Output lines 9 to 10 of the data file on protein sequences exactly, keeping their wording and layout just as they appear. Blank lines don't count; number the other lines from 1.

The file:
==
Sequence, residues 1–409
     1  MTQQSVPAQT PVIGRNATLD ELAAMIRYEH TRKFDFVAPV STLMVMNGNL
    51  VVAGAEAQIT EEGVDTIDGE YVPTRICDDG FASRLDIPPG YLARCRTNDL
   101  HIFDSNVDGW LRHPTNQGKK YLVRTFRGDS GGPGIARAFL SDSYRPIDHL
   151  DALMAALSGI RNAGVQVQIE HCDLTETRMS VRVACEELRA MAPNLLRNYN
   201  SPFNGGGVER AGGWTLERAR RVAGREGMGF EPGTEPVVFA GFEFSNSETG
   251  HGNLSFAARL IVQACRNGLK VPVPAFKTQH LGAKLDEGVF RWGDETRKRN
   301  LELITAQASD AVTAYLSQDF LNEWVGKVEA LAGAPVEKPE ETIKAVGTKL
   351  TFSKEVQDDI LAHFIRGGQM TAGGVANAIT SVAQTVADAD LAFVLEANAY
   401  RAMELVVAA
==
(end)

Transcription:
   351  TFSKEVQDDI LAHFIRGGQM TAGGVANAIT SVAQTVADAD LAFVLEANAY
   401  RAMELVVAA